Chile's Bachelet can't avoid runoff in presidential election
SANTIAGO, Chile — Michelle Bachelet won nearly twice as many votes as her closest rival in Chile's presidential election on Sunday, but she fell short of the outright majority needed to avoid a Dec. 15 runoff.
With 92 percent of votes counted, moderate socialist Bachelet had nearly 47 percent, to 25 percent for conservative Evelyn Matthei. Seven other candidates trailed far behind.
Bachelet predicted she would win big in the second round and will push forward major social reforms.
“We're going to have a decisive and strong victory that backs up the transformation program that we have been building,” she said.
Matthei's campaign celebrated getting another try at Bachelet, this time in a one-on-one race.
“Going into a second round is certainly a triumph,” Matthei told supporters.
Bachelet, 62, left office with an 84 percent approval rating after her 2006-10 presidency despite failing then to bring about major changes in society. This time, she has taken up the cause of protesters, vowing to revamp the constitution, raise corporate taxes to fund an education overhaul and reduce the wealth gap.
But Bachelet's center-left New Majority coalition failed on Sunday to win the super-majorities in Congress needed to make those changes.
Matthei, 60, an outspoken former labor minister, says Chile must continue business-friendly policies she credited for fast growth and low unemployment under center-right President Sebastian Pinera. She favors funding programs through improved economic growth, not by raising taxes.
Bachelet and Matthei were childhood friends, but were on opposite sides after Chile's 1973 military coup, when Matthei's father ran the military school where Gen. Alberto Bachelet was tortured to death for remaining loyal to ousted President Salvador Allende.
Show commenting policy
TribLive commenting policy
You are solely responsible for your comments and by using TribLive.com you agree to our Terms of Service.
We moderate comments. Our goal is to provide substantive commentary for a general readership. By screening submissions, we provide a space where readers can share intelligent and informed commentary that enhances the quality of our news and information.
While most comments will be posted if they are on-topic and not abusive, moderating decisions are subjective. We will make them as carefully and consistently as we can. Because of the volume of reader comments, we cannot review individual moderation decisions with readers.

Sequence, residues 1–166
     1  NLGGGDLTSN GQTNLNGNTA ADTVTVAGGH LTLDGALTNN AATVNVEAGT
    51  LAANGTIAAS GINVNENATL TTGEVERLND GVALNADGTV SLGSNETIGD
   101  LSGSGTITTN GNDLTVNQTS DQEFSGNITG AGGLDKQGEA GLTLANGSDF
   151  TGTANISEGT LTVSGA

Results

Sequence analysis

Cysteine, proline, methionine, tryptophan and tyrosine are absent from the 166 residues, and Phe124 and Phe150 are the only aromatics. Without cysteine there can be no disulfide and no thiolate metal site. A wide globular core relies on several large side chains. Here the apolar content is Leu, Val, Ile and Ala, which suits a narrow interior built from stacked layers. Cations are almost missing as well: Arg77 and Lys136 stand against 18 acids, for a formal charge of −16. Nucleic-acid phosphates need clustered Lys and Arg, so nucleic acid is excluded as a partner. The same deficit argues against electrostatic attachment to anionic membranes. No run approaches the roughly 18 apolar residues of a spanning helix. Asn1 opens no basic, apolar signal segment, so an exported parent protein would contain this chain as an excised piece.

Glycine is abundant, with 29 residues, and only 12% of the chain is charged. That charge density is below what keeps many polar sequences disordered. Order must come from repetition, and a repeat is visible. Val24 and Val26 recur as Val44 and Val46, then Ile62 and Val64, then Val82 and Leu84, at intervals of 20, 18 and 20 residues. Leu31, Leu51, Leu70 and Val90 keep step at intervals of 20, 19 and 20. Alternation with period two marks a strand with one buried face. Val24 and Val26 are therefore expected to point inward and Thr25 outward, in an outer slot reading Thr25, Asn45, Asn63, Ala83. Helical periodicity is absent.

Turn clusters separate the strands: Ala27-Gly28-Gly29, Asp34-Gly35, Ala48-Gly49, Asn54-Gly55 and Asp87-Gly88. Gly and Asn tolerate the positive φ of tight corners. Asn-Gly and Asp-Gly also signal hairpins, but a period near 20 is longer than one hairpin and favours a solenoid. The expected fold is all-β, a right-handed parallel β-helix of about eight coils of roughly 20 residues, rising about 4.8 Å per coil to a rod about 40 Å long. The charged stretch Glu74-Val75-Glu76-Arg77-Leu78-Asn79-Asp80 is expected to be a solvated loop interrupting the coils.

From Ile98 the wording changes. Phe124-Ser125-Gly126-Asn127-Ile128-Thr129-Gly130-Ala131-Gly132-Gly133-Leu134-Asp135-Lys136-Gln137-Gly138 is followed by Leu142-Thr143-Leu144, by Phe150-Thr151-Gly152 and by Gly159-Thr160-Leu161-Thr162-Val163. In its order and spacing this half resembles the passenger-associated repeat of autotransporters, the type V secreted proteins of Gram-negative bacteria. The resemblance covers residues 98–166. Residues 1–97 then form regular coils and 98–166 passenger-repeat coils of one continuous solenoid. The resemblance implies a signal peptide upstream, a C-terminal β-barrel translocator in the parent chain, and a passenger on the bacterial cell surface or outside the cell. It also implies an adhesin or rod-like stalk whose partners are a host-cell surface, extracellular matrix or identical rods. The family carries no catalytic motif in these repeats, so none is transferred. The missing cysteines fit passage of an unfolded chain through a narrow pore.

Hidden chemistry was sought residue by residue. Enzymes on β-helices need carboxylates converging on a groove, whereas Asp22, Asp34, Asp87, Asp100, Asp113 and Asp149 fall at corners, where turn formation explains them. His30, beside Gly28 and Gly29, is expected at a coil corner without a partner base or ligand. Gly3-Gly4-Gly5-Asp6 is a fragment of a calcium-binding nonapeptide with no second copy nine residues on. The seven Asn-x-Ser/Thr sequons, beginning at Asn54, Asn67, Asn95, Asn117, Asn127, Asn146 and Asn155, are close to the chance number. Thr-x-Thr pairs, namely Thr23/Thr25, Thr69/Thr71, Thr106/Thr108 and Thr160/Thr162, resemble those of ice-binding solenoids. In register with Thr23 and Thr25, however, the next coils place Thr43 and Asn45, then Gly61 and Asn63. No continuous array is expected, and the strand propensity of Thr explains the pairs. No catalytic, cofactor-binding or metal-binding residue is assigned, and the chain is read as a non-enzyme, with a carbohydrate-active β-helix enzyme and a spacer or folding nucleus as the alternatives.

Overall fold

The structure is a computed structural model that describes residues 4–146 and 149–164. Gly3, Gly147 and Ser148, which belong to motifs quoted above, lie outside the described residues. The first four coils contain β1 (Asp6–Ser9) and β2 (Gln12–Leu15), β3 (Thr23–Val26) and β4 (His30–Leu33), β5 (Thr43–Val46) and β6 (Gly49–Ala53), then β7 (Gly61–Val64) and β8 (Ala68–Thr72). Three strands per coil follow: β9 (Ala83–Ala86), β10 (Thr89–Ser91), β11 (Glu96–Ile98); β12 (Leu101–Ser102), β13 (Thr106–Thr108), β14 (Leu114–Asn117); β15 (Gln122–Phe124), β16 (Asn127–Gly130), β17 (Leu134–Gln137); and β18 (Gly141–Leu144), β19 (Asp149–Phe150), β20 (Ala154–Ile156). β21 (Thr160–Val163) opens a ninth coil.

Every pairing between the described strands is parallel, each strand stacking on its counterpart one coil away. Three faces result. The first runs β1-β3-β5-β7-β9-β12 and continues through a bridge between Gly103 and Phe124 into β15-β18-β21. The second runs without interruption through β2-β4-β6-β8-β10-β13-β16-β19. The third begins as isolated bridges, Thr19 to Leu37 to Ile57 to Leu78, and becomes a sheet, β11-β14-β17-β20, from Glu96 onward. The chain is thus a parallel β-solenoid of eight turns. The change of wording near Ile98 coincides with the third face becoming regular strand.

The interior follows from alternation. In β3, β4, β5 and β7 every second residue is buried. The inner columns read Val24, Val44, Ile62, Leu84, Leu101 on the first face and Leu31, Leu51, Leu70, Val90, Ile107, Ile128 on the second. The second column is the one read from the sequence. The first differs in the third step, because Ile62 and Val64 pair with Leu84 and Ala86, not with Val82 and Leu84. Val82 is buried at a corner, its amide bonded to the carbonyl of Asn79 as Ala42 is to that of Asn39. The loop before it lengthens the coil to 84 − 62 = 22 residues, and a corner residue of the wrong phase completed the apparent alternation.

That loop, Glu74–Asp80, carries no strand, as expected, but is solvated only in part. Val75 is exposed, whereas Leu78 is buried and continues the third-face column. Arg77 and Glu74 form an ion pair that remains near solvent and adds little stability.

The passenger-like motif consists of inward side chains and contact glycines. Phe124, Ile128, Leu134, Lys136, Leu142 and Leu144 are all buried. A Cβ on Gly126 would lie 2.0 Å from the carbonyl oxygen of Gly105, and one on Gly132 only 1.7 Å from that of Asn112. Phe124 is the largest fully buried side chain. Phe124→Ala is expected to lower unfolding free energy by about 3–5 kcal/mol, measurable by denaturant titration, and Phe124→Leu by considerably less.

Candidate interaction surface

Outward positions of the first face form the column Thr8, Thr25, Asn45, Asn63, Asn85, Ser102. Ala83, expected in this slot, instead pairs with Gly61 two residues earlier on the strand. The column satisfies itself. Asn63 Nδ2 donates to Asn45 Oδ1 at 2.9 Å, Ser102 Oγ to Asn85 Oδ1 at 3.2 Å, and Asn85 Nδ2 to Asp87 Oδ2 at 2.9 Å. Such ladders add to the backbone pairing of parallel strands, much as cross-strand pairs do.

We value thoughtful comments representing a range of views that make their point quickly and politely. We make an effort to protect discussions from repeated comments either by the same reader or different readers.
We follow the same standards for taste as the daily newspaper. A few things we won't tolerate: personal attacks, obscenity, vulgarity, profanity (including expletives and letters followed by dashes), commercial promotion, impersonations, incoherence, proselytizing and SHOUTING. Don't include URLs to Web sites.
We do not edit comments. They are either approved or deleted. We reserve the right to edit a comment that is quoted or excerpted in an article. In this case, we may fix spelling and punctuation.
We welcome strong opinions and criticism of our work, but we don't want comments to become bogged down with discussions of our policies and we will moderate accordingly.
We appreciate it when readers and people quoted in articles or blog posts point out errors of fact or emphasis and will investigate all assertions. But these suggestions should be sent via e-mail. To avoid distracting other readers, we won't publish comments that suggest a correction. Instead, corrections will be made in a blog post or in an article.
- Saudi-led attacks seen as escalating violence in Yemen
- Antarctica yields life in extremest of conditions, so what about on another planet?
- Impasse remains in Iran nuke talks
- Germanwings flight co-pilot Lubitz worried about job security, officials say
- Siberian theater director fired over Wagner opera
- Co-pilot may have hidden illness, German prosecutors say
- Air Canada plane skids off Halifax runway in hard landing
- Copilot’s friends doubt Germanwings crash intentional
- Dickens’ desk to go on permanent display museum
- Houthi rebels in Yemen open fire on demonstrators in Taiz, killing 6
- Nigerians vote despite violence, technical hitches